Everyone agrees international cooperation in intelligence is necessary to fight international terrorism. However, six years after 9/11, one of the areas where the fight continues to falter is in intelligence sharing.
There are cultural problems. Spooks are trained to trust no one, especially other spooks. And they are being asked to play both sides. The CIA may work with China’s Guojia Anquan Bua on running down Uighur terrorists, but the two are rivals on all other fronts.
This problem is endemic even among the intelligence arms of the same country. Intelligence expert Amy Zegart of the University of California at LA says, “There is no one in charge of the US intelligence community. By CIA director Mike Hayden’s admission, our strategic analysis is in bad shape.”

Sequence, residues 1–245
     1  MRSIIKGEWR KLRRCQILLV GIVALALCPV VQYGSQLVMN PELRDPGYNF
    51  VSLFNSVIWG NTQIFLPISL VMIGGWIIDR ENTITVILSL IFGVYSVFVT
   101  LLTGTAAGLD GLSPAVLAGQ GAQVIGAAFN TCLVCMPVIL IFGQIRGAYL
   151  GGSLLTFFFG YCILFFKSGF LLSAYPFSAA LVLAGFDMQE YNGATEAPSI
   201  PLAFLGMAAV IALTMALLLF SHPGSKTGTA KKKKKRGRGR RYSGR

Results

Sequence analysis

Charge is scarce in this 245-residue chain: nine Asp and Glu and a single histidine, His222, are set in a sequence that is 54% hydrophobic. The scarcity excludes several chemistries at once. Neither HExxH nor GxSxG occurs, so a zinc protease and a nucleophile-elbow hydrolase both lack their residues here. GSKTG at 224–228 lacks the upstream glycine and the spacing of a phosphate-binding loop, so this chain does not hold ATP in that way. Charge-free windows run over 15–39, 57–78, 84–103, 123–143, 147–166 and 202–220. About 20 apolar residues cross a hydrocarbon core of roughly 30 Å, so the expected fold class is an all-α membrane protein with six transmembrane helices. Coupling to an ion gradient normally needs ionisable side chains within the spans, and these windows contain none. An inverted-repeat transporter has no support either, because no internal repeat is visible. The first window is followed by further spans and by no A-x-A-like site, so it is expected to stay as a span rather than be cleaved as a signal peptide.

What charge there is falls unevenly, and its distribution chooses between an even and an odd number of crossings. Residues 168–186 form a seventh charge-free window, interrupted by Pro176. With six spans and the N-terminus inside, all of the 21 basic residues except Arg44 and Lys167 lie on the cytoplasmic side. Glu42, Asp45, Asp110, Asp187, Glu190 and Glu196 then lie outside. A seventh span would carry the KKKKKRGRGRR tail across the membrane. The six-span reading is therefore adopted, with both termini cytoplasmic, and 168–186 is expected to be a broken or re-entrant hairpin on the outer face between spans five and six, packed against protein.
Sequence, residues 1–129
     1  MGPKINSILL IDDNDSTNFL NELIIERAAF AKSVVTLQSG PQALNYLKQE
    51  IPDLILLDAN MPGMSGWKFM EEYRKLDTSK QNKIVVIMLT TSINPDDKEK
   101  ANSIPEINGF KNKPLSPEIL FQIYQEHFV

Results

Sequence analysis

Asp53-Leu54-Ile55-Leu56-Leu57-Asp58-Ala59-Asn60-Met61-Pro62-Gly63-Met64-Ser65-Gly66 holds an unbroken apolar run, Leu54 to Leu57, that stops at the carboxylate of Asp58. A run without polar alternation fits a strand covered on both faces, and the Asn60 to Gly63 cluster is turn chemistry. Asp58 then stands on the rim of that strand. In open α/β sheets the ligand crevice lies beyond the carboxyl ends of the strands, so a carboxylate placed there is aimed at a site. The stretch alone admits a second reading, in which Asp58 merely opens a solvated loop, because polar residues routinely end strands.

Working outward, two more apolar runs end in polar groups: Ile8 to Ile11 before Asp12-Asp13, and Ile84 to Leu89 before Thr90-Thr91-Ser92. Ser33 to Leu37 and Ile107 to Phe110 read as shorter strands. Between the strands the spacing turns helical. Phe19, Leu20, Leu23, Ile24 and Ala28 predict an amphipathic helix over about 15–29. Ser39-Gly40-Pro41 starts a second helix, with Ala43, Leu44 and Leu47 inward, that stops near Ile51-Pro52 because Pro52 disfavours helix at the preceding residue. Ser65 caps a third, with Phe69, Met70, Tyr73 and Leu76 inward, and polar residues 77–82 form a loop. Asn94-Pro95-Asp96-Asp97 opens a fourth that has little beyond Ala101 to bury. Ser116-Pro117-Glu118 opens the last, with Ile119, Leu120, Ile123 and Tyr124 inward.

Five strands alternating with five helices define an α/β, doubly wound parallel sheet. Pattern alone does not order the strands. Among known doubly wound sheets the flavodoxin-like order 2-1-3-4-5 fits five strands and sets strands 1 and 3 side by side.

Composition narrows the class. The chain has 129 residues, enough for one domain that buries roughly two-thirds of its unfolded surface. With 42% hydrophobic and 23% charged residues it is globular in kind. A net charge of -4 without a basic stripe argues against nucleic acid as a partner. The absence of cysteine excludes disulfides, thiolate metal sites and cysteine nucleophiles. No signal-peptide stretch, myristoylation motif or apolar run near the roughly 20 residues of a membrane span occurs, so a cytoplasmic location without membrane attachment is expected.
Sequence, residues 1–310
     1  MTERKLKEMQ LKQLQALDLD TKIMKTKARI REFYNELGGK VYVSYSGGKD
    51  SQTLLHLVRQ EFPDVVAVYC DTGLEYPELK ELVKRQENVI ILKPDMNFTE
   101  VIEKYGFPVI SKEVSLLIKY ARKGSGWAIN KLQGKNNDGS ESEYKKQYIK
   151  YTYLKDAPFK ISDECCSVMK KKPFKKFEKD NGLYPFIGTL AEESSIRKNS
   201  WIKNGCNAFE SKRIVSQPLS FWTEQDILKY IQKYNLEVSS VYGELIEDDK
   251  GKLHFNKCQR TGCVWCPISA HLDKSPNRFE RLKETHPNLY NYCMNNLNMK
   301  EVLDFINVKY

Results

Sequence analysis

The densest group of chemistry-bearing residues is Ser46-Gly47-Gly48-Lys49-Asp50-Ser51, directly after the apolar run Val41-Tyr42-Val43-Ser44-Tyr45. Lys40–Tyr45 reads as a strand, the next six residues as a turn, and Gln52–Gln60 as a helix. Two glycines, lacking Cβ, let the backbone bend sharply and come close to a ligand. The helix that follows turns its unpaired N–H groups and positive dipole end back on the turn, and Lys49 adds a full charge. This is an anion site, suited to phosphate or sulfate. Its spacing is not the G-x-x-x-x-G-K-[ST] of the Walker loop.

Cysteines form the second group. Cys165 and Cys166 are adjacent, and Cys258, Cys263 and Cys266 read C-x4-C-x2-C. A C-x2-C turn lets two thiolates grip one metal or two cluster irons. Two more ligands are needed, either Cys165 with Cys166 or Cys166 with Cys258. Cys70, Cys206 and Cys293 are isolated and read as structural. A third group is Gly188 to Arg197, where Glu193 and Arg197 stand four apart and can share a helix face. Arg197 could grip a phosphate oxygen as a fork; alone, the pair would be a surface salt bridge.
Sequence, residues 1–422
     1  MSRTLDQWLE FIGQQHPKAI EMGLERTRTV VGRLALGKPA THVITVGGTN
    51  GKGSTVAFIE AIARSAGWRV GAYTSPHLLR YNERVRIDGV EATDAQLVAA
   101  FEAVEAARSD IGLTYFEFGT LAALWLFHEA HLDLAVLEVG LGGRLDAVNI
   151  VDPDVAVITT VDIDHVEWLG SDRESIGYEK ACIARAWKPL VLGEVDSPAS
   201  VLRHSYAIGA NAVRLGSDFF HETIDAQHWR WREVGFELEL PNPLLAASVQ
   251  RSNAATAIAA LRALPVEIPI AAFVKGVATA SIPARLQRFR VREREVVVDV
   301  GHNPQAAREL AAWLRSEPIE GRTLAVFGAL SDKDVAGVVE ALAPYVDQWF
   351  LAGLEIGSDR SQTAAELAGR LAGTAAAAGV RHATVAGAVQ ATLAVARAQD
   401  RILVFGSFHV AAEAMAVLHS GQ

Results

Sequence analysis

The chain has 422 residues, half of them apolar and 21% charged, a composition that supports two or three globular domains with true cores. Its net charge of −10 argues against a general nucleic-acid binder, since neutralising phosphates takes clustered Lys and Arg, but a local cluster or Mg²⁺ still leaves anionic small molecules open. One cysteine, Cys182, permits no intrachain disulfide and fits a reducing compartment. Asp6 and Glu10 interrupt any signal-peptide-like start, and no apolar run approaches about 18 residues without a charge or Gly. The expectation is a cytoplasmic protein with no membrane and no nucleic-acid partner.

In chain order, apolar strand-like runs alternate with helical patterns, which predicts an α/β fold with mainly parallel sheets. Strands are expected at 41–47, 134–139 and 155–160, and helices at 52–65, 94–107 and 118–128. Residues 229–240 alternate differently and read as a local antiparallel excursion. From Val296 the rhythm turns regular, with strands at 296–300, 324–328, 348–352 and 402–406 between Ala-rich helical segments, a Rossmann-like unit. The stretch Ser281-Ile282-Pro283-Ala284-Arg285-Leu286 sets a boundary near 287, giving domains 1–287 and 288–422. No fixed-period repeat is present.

Another problem is that national priorities differ. India and Israel may face the same rhetorical threat, but they are fighting different movements. Operations of Mossad and RAW have little overlap — except perhaps in Iranian Balochistan.
This is not to say things haven’t budged since 9/11. Rohan Gunaratna, author of Inside Al Qaeda, says, “Cooperation today is better than ever before. Due to enhanced cooperation after 9/11, over 200 terrorist plots have been disrupted globally.” But there is certainly room for improvement, as the heavy global toll indicates.
Al Qaeda’s willingness to wage war with half the world has improved openness in sharing. But PJ Crowley of the Center for American Progress says, “Extra-legal actions like Guantanamo undercut global cooperation over the long term.”
There can be no honour between thieves. And a spy, as John Le Carre wrote, “steals his experience through bribes and reconstructs it”.